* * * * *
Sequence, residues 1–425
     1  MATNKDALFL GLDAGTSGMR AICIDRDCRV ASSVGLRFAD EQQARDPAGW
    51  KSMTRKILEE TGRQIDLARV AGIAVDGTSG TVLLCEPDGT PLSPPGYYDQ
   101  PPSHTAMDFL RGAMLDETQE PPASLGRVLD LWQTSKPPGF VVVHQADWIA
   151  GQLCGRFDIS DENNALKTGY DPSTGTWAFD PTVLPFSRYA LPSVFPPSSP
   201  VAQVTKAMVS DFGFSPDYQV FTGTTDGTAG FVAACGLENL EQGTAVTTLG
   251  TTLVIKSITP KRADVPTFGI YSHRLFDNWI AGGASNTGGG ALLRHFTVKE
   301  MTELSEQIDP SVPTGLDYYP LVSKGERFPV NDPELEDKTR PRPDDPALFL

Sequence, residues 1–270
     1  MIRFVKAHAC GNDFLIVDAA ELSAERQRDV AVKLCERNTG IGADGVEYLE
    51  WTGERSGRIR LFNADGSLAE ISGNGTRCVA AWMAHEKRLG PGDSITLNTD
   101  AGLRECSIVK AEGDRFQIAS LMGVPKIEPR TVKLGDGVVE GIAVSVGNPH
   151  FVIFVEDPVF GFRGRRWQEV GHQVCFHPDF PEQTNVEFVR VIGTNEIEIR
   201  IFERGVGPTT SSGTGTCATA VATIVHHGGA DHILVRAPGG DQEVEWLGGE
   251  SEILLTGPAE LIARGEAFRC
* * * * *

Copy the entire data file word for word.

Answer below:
Sequence, residues 1–425
     1  MATNKDALFL GLDAGTSGMR AICIDRDCRV ASSVGLRFAD EQQARDPAGW
    51  KSMTRKILEE TGRQIDLARV AGIAVDGTSG TVLLCEPDGT PLSPPGYYDQ
   101  PPSHTAMDFL RGAMLDETQE PPASLGRVLD LWQTSKPPGF VVVHQADWIA
   151  GQLCGRFDIS DENNALKTGY DPSTGTWAFD PTVLPFSRYA LPSVFPPSSP
   201  VAQVTKAMVS DFGFSPDYQV FTGTTDGTAG FVAACGLENL EQGTAVTTLG
   251  TTLVIKSITP KRADVPTFGI YSHRLFDNWI AGGASNTGGG ALLRHFTVKE
   301  MTELSEQIDP SVPTGLDYYP LVSKGERFPV NDPELEDKTR PRPDDPALFL

Sequence, residues 1–270
     1  MIRFVKAHAC GNDFLIVDAA ELSAERQRDV AVKLCERNTG IGADGVEYLE
    51  WTGERSGRIR LFNADGSLAE ISGNGTRCVA AWMAHEKRLG PGDSITLNTD
   101  AGLRECSIVK AEGDRFQIAS LMGVPKIEPR TVKLGDGVVE GIAVSVGNPH
   151  FVIFVEDPVF GFRGRRWQEV GHQVCFHPDF PEQTNVEFVR VIGTNEIEIR
   201  IFERGVGPTT SSGTGTCATA VATIVHHGGA DHILVRAPGG DQEVEWLGGE
   251  SEILLTGPAE LIARGEAFRC